GOOD ENOUGH FOR CHURCH?
Lord, thank You inviting all types into Your kingdom.
Read MATTHEW 22:1–14
The Parable of the Wedding Banquet
22 Jesus spoke to them again in parables, saying: 2 “The kingdom of heaven is like a king who prepared a wedding banquet for his son. 3 He sent his servants to those who had been invited to the banquet to tell them to come, but they refused to come.
4 “Then he sent some more servants and said, ‘Tell those who have been invited that I have prepared my dinner: My oxen and fattened cattle have been butchered, and everything is ready. Come to the wedding banquet.’
5 “But they paid no attention and went off—one to his field, another to his business. 6 The rest seized his servants, mistreated them and killed them. 7 The king was enraged. He sent his army and destroyed those murderers and burned their city.
8 “Then he said to his servants, ‘The wedding banquet is ready, but those I invited did not deserve to come. 9 So go to the street corners and invite to the banquet anyone you find.’ 10 So the servants went out into the streets and gathered all the people they could find, the bad as well as the good, and the wedding hall was filled with guests.
11 “But when the king came in to see the guests, he noticed a man there who was not wearing wedding clothes. 12 He asked, ‘How did you get in here without wedding clothes, friend?’ The man was speechless.
13 “Then the king told the attendants, ‘Tie him hand and foot, and throw him outside, into the darkness, where there will be weeping and gnashing of teeth.’
14 “For many are invited, but few are chosen.”
New International Version (NIV)
Holy Bible, New International Version®, NIV® Copyright ©1973, 1978, 1984, 2011 by Biblica, Inc.® Used by permission. All rights reserved worldwide.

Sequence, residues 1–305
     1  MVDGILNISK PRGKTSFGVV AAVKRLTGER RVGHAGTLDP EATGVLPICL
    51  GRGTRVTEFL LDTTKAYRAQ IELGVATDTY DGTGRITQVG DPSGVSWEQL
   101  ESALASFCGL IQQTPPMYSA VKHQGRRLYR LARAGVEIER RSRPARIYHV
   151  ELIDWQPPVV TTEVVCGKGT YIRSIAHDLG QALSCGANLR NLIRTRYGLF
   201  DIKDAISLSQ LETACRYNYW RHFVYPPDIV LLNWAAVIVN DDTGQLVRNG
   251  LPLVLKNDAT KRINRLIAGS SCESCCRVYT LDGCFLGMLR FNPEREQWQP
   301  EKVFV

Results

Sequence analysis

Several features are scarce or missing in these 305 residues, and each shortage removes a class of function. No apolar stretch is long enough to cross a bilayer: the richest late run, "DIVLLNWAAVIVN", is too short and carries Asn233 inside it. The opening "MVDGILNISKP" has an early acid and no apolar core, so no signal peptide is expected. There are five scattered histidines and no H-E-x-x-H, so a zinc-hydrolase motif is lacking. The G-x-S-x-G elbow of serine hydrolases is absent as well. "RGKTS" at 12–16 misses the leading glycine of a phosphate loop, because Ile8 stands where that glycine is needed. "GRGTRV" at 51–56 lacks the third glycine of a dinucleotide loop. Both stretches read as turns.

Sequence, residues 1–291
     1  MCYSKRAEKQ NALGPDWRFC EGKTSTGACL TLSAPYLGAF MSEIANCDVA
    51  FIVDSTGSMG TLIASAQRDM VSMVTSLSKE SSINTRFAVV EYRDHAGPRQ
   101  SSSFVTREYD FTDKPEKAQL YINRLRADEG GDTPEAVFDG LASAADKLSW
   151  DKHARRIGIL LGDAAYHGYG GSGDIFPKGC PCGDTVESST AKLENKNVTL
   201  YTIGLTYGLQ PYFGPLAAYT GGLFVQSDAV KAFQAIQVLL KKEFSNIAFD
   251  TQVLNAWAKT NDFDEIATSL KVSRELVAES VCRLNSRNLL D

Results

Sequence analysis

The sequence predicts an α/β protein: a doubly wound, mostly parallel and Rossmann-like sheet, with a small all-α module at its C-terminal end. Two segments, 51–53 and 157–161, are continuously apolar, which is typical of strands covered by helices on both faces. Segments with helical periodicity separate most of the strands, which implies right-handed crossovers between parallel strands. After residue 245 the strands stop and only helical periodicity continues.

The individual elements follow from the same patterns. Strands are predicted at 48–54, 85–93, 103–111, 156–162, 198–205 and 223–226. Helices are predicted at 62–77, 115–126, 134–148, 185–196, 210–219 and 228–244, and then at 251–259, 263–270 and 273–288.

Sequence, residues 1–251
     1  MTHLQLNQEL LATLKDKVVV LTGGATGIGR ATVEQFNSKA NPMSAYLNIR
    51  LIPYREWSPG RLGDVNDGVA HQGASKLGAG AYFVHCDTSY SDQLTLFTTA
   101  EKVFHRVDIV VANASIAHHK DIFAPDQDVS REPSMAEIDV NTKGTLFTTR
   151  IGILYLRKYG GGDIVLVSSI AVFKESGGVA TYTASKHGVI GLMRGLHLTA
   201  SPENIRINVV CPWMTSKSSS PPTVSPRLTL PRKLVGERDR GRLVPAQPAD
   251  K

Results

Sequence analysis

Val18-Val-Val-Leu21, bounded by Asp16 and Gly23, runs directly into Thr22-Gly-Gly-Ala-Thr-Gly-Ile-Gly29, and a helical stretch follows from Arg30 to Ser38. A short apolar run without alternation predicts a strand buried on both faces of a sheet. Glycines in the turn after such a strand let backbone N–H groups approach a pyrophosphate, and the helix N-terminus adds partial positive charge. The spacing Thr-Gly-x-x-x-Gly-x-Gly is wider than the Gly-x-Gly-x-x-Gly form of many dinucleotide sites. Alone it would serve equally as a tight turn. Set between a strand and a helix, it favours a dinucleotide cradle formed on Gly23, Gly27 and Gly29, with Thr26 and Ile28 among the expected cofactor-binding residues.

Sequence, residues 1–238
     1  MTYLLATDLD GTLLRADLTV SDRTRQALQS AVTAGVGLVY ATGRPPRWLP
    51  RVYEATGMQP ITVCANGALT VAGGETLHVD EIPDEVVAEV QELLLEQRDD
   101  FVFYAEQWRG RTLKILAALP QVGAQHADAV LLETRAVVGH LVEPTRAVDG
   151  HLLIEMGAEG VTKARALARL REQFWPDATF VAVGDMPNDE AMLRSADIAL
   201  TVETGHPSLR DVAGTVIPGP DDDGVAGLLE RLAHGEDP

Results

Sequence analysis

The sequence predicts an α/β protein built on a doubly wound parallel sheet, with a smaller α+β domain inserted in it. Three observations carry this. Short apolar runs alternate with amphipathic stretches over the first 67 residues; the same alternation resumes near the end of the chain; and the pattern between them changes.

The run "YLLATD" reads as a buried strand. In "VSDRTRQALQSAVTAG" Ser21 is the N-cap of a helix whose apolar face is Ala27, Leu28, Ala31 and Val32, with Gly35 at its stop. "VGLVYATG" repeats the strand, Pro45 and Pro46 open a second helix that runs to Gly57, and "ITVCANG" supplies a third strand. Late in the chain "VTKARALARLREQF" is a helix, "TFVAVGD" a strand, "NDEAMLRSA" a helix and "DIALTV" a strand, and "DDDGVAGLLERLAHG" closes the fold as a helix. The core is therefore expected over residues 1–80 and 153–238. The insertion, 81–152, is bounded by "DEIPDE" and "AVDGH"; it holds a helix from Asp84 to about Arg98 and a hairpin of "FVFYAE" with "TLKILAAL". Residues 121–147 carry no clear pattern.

Bring to mind the members of your church and think of their similarities and differences in terms of age, gender, ethnic origin and social class.
The background changes from a vineyard to a wedding reception, from a farmer to a king, but the result is just the same—at least for the servants who are tasked with delivering the invitations. They are met with refusals; they are ignored, seized, beaten, and killed. In the end, the king extends an open invitation to the event, welcoming “the bad as well as the good” (10).
When I was young, there were accepted ground rules for attending church. I was to wear a school uniform, sit quietly and listen. Above all, I was to be to be good, regardless of how boring the service was and the scant relevance the worship style and sermon had to the vibrant cultural explosion of the mid-1960s on Merseyside. Although mine was an evangelical church, there was little connection with the down-and-dirty side of the community. Not surprisingly, few from that sector had the courage to enter our forbidding doors.
Social theologians suggest that there are two types of churches. First, there are those described as a bounded set—a closed membership that shares certain privileges. To enter the membership it is necessary to conform to statements of faith, meet attendance expectations and take part in training and incorporating rituals. Second, there are those churches that are described as a centered set, where members worship God at the center but may well be doing so with differing measures of faith and doubt. Here, there’s a very faint boundary indeed: everyone is invited, as long as their intention (their wedding clothes) is to press on to discover more about God. That sounds very much like the king’s final invitation.
Consider your church. How would you describe it? What is necessary for membership?
Lord, make us aware of the necessity of spreading the invitation to enjoy an eternity with You in Your kingdom.
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